Electronic Thesis and Dissertation Repository


Doctor of Philosophy


Electrical and Computer Engineering


Ilia G. Polushin

2nd Supervisor

Rajni V. Patel

Joint Supervisor


Tendon-based transmission is a common approach for transferring motion and forces in surgical robots. In spite of design simplicity and compactness that comes with the tendon drives, there exists a number of issues associated with the tendon-based transmission. In particular, the elasticity of the tendons and the frictional interaction between the tendon and the routing result in substantially nonlinear behavior. Also, in surgical applications, the distal joints of the robot and instruments cannot be sensorized in most cases due to technical limitations. Therefore, direct measurement of forces and use of feedback motion/force control for compensation of uncertainties in tendon-based motion and force transmission are not possible. However, force/motion estimation and control in tendon-based robots are important in view of the need for haptic feedback in robotic surgery and growing interest in automatizing common surgical tasks.

One possible solution to the above-described problem is the development of mathematical models for tendon-based force and motion transmission that can be used for estimation and control purposes. This thesis provides analysis of force and motion transmission in tendon-pulley based surgical robots and addresses various aspects of the transmission modeling problem. Due to similarities between the quasi-static hysteretic behavior of a tendon-pulley based da Vinci® instrument and that of a typical tendon-sheath mechanism, a distributed friction approach for modeling the force transmission in the instrument is developed. The approach is extended to derive a formula for the apparent stiffness of the instrument. Consequently, a method is developed that uses the formula for apparent stiffness of the instrument to determine the stiffness distribution of the tissue palpated. The force transmission hysteresis is further investigated from a phenomenological point of view. It is shown that a classic Preisach hysteresis model can accurately describe the quasi-static input-output force transmission behavior of the da Vinci® instrument.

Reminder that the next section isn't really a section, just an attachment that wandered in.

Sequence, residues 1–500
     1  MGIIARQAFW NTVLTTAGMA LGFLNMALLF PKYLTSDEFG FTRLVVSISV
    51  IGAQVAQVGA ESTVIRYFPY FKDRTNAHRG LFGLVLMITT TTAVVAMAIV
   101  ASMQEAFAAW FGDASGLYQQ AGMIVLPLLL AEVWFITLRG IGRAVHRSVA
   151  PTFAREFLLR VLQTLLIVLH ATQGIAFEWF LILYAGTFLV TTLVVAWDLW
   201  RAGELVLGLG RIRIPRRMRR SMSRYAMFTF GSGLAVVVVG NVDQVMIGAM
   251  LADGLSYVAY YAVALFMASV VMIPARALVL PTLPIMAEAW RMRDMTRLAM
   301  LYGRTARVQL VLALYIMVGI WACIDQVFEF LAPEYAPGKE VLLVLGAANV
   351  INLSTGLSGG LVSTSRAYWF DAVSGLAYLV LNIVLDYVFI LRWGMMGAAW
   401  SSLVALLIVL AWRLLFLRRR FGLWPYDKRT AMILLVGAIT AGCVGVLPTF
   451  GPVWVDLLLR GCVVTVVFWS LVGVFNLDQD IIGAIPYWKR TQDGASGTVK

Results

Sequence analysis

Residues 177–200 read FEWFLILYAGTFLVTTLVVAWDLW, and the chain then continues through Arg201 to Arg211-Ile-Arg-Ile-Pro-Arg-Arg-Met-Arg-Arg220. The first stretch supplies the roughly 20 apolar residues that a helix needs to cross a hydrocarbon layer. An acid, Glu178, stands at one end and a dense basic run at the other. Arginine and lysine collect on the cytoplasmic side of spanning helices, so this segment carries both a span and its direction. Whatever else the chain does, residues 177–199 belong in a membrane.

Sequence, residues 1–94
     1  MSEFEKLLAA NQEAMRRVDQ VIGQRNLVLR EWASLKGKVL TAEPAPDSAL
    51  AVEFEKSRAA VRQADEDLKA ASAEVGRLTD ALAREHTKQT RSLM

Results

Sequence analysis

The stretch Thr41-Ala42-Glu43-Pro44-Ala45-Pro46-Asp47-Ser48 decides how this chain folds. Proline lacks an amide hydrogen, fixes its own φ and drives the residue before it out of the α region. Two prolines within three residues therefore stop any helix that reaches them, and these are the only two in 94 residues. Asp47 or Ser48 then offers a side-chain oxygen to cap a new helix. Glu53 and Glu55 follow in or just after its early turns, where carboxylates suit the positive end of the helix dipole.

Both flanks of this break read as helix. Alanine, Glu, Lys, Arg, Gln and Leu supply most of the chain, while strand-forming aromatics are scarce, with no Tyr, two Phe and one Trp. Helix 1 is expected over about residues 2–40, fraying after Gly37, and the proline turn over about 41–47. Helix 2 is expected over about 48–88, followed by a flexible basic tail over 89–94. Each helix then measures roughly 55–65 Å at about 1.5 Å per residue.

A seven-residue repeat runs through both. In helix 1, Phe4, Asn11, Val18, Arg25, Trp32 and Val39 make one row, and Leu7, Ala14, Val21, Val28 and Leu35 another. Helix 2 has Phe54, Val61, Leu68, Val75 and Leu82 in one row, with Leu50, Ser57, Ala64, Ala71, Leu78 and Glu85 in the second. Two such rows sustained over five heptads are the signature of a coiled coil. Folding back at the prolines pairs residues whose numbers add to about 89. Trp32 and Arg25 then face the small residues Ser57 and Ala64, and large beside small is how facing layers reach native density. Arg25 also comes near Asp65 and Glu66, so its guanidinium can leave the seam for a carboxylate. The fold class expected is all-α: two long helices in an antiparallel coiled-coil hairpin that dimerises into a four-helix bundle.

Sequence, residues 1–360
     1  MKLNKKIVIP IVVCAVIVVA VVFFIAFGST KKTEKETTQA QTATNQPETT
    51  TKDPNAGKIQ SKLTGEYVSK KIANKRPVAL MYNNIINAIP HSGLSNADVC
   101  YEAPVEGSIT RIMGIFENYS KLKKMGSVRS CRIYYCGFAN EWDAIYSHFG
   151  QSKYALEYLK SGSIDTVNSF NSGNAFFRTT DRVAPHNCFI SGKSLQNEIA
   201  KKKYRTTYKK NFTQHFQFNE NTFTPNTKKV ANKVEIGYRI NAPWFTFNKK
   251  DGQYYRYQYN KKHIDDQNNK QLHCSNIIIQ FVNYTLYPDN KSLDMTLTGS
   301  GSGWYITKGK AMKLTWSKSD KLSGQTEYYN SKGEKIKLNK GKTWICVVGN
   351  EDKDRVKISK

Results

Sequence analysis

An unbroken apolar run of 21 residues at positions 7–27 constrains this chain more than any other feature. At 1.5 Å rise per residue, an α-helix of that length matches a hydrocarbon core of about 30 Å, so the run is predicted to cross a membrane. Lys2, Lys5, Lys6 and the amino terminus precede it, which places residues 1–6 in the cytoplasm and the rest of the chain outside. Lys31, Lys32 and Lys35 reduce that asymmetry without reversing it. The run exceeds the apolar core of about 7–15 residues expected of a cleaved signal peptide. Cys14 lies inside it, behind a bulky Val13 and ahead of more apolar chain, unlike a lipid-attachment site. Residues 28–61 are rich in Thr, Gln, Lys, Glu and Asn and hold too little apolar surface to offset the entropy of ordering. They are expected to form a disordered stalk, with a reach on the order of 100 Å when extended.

Also, in order to describe the distributed friction effect in tendon-pulley mechanisms, the creep theory from belt mechanics is adopted for the robotic applications. As a result, a novel motion transmission model is suggested for tendon-pulley mechanisms. The developed model is of pseudo-kinematic type as it relates the output displacement to both the input displacement and the input force. The model is subsequently used for position control of the tip of the instrument. Furthermore, the proposed pseudo-kinematic model is extended to compensate for the coupled-hysteresis effect in a multi-DOF motion. A dynamic transmission model is also suggested that describes system’s response to high frequency inputs. Finally, the proposed motion transmission model was used for modeling of the backlash-like hysteresis in RAVEN II surgical robot.

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Robotics Commons